It’s hard to imagine that the mega-hit podcast, Criminal, which boasts over 2 million listeners a month, started by recording in a closet. It’s true (a small area stuffed full of clothes also turns out to have great acoustics!). For co-creators Phoebe Judge and Lauren Spohrer, Criminal was a back-porch idea turned side gig.
Fast-forward to today and the podcast has replaced their full-time jobs – and salaries. But for more than a year, Judge and Spohrer were two of the millions of Americans making a go of it in the gig economy – cobbling together a main job and a side hustle, or a couple of side hustles, to produce an income.
If you’ve considered joining yourself, now’s the time to try it, says Kimberly Palmer, author of The Economy of You: Discover Your Inner Entrepreneur and Recession-Proof Your Life. “What’s so exciting is now it’s a universal way to supplement your income – and because it’s so popular – there are more resources than ever before,” says Palmer.
Interested? Here are five things to consider first.
Don’t Quit Your Day Job
It’s the number one piece of advice if you’re exploring your options and aren’t exactly sure where you want to go next. Use your passion as a springboard for what you might do, but don’t jump ship until that passion can financially support you. Judge and Spohrer, who recently shared Criminal’s success story on the podcast HerMoney, didn’t quit their jobs until a year and a half in. “I do think that if we had quit our jobs right away, the pressure to make Criminal financially viable, to make it successful, would have just overwhelmed us,” says Judge. “To have the freedom to be making Criminal at a slower pace so we could make sure that every episode was quality – and also not worry about how we were going to pay the rent or health insurance in the beginning – really allowed us to build the type of show we wanted to build.”
Learn As You Earn
Exploring your options requires two things, time and money – and having the latter can give you the former. It enables you to take a little more time away from your primary job in order to road-test things you’re interested in doing. There are ancillary benefits to staying employed, too. You’ll want to update your skills before you walk away from your paycheck (and you might be able to do this on your employer’s dime via career development courses the company provides). You can also use your current salary to help fund your next endeavor.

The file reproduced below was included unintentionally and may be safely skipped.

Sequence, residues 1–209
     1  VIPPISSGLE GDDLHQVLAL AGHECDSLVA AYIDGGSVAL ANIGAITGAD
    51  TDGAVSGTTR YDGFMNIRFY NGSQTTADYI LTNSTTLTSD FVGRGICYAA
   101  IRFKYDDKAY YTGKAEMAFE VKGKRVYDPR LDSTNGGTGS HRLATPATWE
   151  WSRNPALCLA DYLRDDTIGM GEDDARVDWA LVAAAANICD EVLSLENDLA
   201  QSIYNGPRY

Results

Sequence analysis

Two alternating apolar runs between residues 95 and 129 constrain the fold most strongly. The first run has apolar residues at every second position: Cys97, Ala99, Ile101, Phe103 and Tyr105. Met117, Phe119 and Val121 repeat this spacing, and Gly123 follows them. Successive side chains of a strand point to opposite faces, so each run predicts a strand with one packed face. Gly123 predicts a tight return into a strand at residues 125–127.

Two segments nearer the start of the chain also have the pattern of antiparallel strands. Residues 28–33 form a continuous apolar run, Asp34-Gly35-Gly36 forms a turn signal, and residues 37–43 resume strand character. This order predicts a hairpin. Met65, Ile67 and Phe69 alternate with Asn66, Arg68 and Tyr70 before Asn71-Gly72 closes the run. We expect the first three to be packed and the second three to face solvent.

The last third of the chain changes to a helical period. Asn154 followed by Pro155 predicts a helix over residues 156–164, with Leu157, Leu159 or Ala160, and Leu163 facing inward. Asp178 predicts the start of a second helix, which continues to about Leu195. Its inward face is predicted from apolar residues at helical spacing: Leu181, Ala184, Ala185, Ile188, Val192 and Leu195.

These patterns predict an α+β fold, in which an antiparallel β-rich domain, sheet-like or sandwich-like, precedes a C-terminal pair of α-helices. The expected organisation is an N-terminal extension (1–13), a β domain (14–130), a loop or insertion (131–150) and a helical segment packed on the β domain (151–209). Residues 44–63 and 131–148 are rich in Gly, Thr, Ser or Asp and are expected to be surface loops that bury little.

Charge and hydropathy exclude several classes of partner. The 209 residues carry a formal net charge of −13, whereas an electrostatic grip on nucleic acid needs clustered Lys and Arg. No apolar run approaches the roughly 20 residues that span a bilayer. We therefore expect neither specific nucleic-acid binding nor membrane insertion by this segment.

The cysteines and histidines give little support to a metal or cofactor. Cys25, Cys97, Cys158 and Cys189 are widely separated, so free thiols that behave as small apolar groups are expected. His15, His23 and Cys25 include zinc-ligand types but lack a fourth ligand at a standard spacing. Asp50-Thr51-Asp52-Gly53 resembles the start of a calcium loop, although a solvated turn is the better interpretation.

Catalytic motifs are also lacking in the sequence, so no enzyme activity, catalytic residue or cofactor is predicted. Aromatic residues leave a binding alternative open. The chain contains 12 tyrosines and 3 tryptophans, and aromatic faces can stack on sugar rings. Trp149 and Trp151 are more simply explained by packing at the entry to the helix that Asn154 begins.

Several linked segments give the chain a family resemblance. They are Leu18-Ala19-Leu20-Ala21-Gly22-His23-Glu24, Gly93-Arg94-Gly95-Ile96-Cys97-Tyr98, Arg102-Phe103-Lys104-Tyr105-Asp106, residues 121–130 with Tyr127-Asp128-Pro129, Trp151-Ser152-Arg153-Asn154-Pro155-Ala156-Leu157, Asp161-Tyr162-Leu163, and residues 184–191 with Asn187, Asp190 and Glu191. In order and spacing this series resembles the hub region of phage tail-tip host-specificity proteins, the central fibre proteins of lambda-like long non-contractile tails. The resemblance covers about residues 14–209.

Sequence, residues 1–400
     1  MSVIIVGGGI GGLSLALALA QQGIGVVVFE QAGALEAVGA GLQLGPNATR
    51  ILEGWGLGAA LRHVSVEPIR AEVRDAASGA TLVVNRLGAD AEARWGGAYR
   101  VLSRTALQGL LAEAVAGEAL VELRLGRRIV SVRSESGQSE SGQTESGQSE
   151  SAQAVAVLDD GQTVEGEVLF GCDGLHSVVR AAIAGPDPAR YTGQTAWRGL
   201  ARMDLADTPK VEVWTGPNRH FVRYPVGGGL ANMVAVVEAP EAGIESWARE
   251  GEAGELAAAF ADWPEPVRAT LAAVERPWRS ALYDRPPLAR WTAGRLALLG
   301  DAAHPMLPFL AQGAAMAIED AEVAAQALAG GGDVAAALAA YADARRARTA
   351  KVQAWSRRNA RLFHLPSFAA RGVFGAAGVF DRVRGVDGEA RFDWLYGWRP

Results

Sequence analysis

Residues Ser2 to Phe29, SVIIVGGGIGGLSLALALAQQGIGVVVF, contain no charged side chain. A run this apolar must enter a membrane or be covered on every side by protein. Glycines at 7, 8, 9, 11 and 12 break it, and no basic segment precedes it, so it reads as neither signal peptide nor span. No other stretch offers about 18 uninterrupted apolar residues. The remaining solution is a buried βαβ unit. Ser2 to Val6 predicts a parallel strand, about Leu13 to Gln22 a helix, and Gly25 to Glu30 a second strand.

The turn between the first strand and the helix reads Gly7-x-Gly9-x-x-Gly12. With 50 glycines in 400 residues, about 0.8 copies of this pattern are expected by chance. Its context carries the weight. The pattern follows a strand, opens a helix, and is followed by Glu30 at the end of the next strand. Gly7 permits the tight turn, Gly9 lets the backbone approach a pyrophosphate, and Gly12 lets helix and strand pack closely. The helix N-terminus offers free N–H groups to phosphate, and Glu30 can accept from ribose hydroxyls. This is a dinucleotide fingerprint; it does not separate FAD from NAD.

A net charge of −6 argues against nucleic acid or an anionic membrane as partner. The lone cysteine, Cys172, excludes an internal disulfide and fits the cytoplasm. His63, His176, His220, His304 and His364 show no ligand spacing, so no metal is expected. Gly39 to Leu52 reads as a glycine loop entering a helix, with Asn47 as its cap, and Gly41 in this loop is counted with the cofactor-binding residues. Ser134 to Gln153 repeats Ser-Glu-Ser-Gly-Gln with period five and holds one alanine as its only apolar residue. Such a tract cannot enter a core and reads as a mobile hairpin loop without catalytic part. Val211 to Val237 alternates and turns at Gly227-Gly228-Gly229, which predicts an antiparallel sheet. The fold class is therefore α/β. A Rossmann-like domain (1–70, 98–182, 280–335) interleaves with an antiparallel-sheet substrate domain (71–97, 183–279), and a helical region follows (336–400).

Know Your Boundaries
In line with not quitting your job, avoid getting fired from it, too. It’s important to check the rules and regulations of your main job, because “Whatever you do, you don’t want to create a conflict of interest for your paycheck,” says Palmer. For example, if you invent something while you’re employed there, your company could – and probably does – own it.
Find Your Niche And Price
Once you decide on your product or service, research the competition on sites like Elance, Fiverr and Etsy, says Palmer. You’ll see how other people are launching their gigs and charging for them. When it comes to setting your price, the more unique your service is, the higher you can go. “One really good way to charge higher prices is to offer something unique and branded just for you,” she says. “The more you can show a service or product is really special, because of your background, for example, the better.” So don’t just say “Life Coaching,” but “Life Coaching For Athletes.”
Keep Startup Costs Low
Palmer says the biggest mistake people make is spending too much upfront on costs that can’t be recovered – and that this can be avoided by asking around. She’s speaking from experience selling her money planners: “I thought, wrongly, that spiral-bound printed ones would be a good option – spent $300 and I still have them all.” (The secret sauce turned out to be PDF planners.) Tap into both your personal and soon-to-be professional networks (through sites like the few listed above) and ask for feedback. Also take advantage of free resources, like using existing sites like WordPress and Squarespace to make a free website, and using social media for free marketing.
This article was written by Jean Chatzky from Forbes and was legally licensed through the NewsCred publisher network.